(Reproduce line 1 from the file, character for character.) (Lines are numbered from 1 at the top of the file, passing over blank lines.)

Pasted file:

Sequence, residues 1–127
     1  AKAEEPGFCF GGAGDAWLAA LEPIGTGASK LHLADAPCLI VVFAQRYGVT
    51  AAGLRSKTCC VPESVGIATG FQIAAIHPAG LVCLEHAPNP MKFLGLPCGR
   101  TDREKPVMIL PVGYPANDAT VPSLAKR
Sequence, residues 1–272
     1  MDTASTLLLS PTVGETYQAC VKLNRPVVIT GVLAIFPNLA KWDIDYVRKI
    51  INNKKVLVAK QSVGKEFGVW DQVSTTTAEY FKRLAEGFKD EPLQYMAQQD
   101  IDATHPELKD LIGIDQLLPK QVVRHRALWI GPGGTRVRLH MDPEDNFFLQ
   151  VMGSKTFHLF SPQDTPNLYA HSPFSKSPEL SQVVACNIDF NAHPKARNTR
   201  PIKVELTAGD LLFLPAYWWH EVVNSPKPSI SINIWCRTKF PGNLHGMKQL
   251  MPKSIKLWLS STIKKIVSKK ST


Sequence, residues 1–127